To simultaneously transmit and/or receive signals from the closely spaced satellites 101 and 103, ST 105 employs an antenna that employs multiple feedhorns that are inserted with dielectric material.
FIG. 2 is a diagram of multiple dielectric loaded feedhorns, according to an embodiment of the present invention. In this example, five feedhorns 201, 203, 205, 207, and 209 are ganged together about the focal point of a reflector 211. Any number of feedhorns may be employed in a single antenna (not shown) depending on the number of desired simultaneous beams, limited only by the physical dimensions of the collection of feedhorns and the reflector 211. The feedhorns 201, 203, 205, 207, and 209 generate radiation patterns (or antenna primary patterns) that illuminate the reflector 211 in a prescribed manner.
Accordingly, the feedhorns 201, 203, 205, 207, and 209 are the basic transducers that transmit and receive electromagnetic energies; in which the direction of this electromagnetic energy flow and the distributions of the associated energy density and phase constitute the antenna primary patterns.
The radiation patterns are primarily dictated by the size and shapes of the apertures (or openings) 201 a, 203 a, 205 a, 207 a, and 209 a, the length and taper angle of the feedhorn bodies 201 b, 203 b, 205 b, 207 b, and 209 b, and the presence of corrugation(s) on the feedhorn surface.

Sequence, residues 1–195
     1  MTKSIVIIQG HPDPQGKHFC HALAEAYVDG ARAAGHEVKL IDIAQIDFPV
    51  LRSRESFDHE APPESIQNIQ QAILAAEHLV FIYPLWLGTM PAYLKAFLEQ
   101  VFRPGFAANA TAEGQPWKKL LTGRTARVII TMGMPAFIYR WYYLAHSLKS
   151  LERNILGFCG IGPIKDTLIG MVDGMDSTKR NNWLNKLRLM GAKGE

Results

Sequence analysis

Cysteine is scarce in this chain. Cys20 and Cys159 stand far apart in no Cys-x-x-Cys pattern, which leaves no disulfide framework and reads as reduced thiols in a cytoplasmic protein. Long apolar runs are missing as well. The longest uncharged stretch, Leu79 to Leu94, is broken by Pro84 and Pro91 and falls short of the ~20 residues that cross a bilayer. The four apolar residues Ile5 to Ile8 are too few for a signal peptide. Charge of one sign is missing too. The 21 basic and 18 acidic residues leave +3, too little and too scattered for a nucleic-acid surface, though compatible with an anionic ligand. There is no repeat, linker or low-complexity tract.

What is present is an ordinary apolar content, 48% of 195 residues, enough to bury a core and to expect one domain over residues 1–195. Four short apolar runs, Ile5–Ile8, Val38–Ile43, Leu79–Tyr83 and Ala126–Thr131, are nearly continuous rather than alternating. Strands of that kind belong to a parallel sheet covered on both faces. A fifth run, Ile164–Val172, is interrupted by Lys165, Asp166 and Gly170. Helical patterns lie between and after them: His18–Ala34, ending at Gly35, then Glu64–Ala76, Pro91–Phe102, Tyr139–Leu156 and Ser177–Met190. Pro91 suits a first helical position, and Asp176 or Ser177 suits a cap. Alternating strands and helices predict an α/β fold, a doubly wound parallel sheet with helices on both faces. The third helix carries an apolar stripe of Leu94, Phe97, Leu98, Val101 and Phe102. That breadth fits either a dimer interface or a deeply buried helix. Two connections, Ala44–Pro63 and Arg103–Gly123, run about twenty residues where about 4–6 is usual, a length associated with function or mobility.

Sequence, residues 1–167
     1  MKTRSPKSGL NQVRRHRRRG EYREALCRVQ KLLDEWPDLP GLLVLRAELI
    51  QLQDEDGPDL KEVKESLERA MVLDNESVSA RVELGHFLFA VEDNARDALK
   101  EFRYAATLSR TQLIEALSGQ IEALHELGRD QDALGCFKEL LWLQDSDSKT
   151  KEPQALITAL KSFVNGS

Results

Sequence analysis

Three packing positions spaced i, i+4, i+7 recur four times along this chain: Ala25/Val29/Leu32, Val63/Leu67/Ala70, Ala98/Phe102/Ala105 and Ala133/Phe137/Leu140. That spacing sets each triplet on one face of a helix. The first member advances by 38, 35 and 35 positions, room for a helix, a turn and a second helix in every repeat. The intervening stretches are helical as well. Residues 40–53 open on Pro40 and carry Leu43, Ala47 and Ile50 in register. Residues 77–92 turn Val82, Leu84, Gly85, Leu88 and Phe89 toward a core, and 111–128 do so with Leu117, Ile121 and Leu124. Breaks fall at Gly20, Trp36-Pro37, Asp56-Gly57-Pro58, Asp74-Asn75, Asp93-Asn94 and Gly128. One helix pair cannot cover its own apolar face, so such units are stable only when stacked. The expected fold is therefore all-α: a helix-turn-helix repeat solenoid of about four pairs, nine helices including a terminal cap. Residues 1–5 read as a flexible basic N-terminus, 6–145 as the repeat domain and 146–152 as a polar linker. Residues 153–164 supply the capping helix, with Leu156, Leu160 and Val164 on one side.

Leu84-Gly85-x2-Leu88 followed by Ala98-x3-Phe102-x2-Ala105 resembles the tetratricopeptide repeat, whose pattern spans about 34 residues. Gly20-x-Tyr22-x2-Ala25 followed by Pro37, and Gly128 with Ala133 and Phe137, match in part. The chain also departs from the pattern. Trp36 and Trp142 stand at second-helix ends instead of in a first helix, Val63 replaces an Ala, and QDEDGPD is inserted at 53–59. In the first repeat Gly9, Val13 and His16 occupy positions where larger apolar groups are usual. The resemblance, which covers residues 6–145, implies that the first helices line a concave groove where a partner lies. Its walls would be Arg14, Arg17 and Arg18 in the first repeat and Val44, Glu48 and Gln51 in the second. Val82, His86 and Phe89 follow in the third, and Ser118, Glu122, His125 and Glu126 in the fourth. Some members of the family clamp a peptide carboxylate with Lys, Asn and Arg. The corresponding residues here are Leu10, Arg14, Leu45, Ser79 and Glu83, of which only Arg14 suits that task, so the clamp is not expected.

The aperture of the feedhorn bodies 201 b, 203 b, 205 b, 207 b, and 209 b may take any number of shapes; e.g., circular, elliptical, square, rectangular, polygonal, or irregular. In particular, feedhorn 201 has a cylindrical feedhorn body 201 b and a corresponding dielectric insert 213, which is also cylindrical in shape. Feedhorn 203 has a rectangular feedhorn body 203 b and contains a rectangular dielectric insert 215. The other feedhorns 205, 207, and 209 are identical to feedhorn 201 and possess respective cylindrical inserts 217, 219, and 221.
The physical spacing between neighboring feedhorns 201, 203, 205, 207, and 209 can be of any dimension. Additionally, the spacings need not be uniform. For example the feedhorns 201, 203, 205, 207, and 209 may even be in contact.
A dielectric insert (e.g., 213, 215, 217, 219, and 221), when loaded into a feedhorn body, enables the feedhorn to generate radiation patterns that are comparable to a much larger feedhorn. Conversely, an equivalent radiation pattern may be generated using a smaller feedhorn. As a first approximation, the factor, ƒ, by which the feedhorn can be reduced is governed by the following equation: